Tuesday night belonged to the E Street Band, my sisters and me.
Well, mostly it belonged to me and Bruce, but it was also fun to have my sisters along.
I last saw Bruce Springsteen perform live back in 1984 when I was a summer intern at the hot rockin’, flame throwin’ Z95 radio station and he was lighting it up on his Born in the U.S.A. tour. It was an unpaid internship and, to compensate me for those mornings I trudged to work in the wee hours of the summer, the two disc jockeys I worked for were kind enough to get me four tickets to the Alpine Valley Show.
I remember an epic night.
But, I think Tuesday night’s show was even better. Maybe it’s because I’m older and so much more appreciative of the time I get to spend with family and at live music events.
Maybe it’s because Bruce Springsteen is older and so tender with his lyrical tributes and so passionate in the way he celebrates every measure of the 26 songs on his set list.
Maybe it’s because the world is older, still crawling out from the past few years and so thankful for live events again.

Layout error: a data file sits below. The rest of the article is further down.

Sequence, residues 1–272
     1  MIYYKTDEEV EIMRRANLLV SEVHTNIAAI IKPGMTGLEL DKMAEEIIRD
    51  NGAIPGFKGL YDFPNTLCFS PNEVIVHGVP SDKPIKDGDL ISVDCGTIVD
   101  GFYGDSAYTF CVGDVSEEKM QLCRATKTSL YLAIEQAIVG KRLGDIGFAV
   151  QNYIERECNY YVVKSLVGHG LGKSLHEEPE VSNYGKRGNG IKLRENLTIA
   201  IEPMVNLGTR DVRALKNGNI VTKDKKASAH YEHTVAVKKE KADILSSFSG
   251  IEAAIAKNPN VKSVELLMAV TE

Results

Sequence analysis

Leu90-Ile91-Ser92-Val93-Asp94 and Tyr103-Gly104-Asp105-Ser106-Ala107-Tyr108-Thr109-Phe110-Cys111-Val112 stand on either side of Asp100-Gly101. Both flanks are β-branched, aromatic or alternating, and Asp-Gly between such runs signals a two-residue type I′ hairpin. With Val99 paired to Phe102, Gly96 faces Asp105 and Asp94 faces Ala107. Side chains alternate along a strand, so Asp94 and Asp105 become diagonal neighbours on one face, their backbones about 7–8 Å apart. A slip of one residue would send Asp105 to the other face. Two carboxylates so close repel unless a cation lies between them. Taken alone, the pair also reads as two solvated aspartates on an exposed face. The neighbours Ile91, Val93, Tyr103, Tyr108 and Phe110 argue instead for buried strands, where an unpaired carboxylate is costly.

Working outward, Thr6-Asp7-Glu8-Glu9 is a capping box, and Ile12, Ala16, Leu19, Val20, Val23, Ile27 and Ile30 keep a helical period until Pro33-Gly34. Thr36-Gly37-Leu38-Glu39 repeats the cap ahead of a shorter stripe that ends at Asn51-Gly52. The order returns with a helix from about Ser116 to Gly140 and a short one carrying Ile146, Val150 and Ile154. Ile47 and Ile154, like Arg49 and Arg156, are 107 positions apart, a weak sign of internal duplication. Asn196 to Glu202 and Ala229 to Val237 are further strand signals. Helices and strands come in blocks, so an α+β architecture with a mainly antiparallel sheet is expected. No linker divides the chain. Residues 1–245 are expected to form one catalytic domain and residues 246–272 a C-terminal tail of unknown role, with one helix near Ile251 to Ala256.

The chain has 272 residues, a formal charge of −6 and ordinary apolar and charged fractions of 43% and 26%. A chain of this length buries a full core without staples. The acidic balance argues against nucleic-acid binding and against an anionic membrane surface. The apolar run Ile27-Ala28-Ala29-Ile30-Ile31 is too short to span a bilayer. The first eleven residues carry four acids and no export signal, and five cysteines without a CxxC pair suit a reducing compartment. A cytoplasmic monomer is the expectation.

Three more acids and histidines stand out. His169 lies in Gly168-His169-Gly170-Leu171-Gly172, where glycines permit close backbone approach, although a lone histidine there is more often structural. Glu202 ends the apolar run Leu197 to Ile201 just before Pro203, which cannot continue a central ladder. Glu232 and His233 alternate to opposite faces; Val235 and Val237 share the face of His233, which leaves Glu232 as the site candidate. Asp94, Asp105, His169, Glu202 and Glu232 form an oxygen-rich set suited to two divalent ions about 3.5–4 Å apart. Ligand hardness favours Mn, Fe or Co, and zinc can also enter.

For whatever reason, Fiserv Forum rocked hard and so did we.
Bruuuuuuuce still plays with the energy and sheer delight of a 15-year old getting his first gig. I’d like to know his workout routine and diet because he may have grown older but he has not aged.
He pounded a series of guitars for almost three hours non-stop. With the notes of one song still reverberating, he shouted “One! Two! Three! Four!” and launched into the next. It was really unbelievable.
My sisters and I sang, danced and high-fived with all the equally thrilled people in our section. The gentleman next to me knew every lyric to every song.
I loved the way Springsteen performed with such reverence for the night’s audience and his current band, and also for members who have passed away. “Last Man Standing” both haunts and inspires. It’s a tribute to his first band and he wrote it shortly after he learned that George Theiss, who invited the then 15-year old Bruce to play with his band a half century ago, had died. “I’ll See You in My Dreams” honors Clarence Clemons in a beautiful, poignant way.
Saxophonist Jake Clemons channeled the spirit, talent and sense of fun with which his uncle Clarence Clemons lived and played. A picture scroll of Clarence added to that sense of honor and loss.
During an evening dedicated to preserving the memories of the people who had boosted him along the way, Bruce Springsteen treated my sisters and me to an amazing memory of our own.
If you can get tickets to the E Street Band 2023 tour, I highly recommend it.